“We will put tariffs on Harley-Davidson, on bourbon and on blue jeans — Levi’s,” European Commission President Jean-Claude Juncker said, according to Reuters news service. “We would like a reasonable relationship with the United States, but we cannot simply put our head in the sand.”
Officials in Germany, which exports more steel to the United States than any other European country, were among the most vocal critics Friday. Foreign Minister Sigmar Gabriel, whose criticisms of Trump have almost become routine, called the U.S. decision “unfathomable.”
“We must do everything we can to avoid an international trade conflict,” Gabriel told German daily Die Welt.
Bernd Lange, a German Social Democrat and head of the European Parliament's trade committee, offered a more brutal assessment. “With this, the declaration of war has arrived,” Lange told German public radio Friday morning.
“They have a mercantile trade model in their heads that dates back 200 years,” he said.
Lange's remarks came before a Trump tweet in which he wrote that “trade wars are good, and easy to win.”
Germans were not alone in the criticism of Trump. In a strong statement, Bruno Le Maire, France's economy minister, said Friday that “only losers” would result from a potential trade war between the United States and the European Union.
Industry representatives fear that U.S. implementation of tariffs could lead to job losses in Germany and elsewhere on the continent. Even though U.S. Commerce Secretary Wilbur Ross said Friday that the announcement “seemed” to apply globally, some countries still had hopes that they might be exempt.
Last year, 3 percent of U.S. steel imports came from Germany, and far more originated in Canada, South Korea and Mexico — nations that have also raised major concerns over the policy.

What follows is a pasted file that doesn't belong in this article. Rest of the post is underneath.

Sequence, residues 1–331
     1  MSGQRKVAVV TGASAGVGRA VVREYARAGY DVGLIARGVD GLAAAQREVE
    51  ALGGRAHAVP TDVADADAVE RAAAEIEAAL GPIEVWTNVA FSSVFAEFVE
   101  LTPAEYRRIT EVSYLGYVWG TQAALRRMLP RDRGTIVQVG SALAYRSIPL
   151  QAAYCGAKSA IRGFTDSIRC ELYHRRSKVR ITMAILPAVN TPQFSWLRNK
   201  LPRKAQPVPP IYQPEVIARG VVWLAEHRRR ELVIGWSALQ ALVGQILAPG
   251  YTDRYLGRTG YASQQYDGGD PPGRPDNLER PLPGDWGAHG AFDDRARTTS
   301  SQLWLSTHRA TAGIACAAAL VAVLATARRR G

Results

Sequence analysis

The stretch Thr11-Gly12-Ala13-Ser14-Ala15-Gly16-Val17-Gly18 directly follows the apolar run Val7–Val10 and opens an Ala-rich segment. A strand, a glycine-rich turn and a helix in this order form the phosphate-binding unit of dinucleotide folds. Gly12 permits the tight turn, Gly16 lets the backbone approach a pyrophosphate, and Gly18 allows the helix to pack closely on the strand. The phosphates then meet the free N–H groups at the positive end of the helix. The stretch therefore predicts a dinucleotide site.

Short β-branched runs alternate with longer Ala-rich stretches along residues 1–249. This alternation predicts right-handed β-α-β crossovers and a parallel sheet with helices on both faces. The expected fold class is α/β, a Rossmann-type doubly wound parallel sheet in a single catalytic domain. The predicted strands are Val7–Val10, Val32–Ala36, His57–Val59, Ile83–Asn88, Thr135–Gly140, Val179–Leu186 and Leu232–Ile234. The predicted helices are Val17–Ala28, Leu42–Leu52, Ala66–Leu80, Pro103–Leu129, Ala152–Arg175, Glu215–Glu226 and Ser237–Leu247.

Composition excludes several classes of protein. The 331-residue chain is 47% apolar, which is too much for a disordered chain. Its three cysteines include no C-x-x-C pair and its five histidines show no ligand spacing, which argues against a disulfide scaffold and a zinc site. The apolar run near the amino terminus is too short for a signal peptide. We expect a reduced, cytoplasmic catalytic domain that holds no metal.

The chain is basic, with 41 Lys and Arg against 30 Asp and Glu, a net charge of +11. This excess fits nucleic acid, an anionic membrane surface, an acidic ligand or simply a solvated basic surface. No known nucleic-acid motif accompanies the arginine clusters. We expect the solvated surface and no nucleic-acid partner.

But Europeans view the introduction of tariffs — planned to be 25 percent on steel and 10 percent on aluminum, in this case — as yet another indication that Trump is pursuing a “national, nationalistic protectionism,” as Lange put it.
Trump's official reasoning behind the tariffs, he said, was “absurd” and “contradicted the reality of global trade relationships.”
Lange and others also expressed fears that the tariffs could eventually be expanded to other fields, such as computers.
“It's a bottomless pit,” Lange said. Many officials here see the tariffs as part of broader concerns they have over Trump's “America first” agenda and what it means for a continent that has so far relied more on U.S. partnership than other blocs or countries.
In Europe, there also appears to be a growing assumption that diplomacy alone is not working in dealing with the current U.S. administration. The president of the European Commission, Jean-Claude Juncker, called the Trump proposal “a blatant intervention to protect U.S. domestic industry” and threatened to take countermeasures. “We will not sit idly while our industry is hit with unfair measures that put thousands of European jobs at risk.”
Manfred Weber, a German conservative E.U. lawmaker, said Trump “is playing a dangerous game” and that “the E.U. has to show its strength.”
Trump’s move is expected to trigger legal challenges at the World Trade Organization by China, the European Union, Brazil and possibly other nations. The European Commission will discuss the E.U.'s response at its next weekly meeting Wednesday. An E.U. diplomat, who spoke on the condition of anonymity, said Friday that the European Union is still “waiting to see all the details” on Trump's proposal.
While German and E.U. officials have been very vocal in their reaction to Trump's tariff announcement, the situation revealed again the differences in Britain's responses to the president's tweets and policies.
There were no immediate public condemnations by top British government officials, a nation that has been the target of multiple unfavorable Trump tweets in recent months but whose leaders have practiced public restraint.
According to the Daily Telegraph, British ministers have tried in recent weeks to prevent the levying of tariffs. They were reportedly reassured by U.S. officials that measures would not affect British industry, which is already bracing for the economic repercussions of leaving the E.U. single market.
But speaking Friday, a leading representative of the British steel industry warned that the U.S. measures would, in fact, have a “significant impact” if Britain was not exempt.
James McAuley in Paris and Quentin Ariès in Brussels contributed to this report.
More on WorldViews: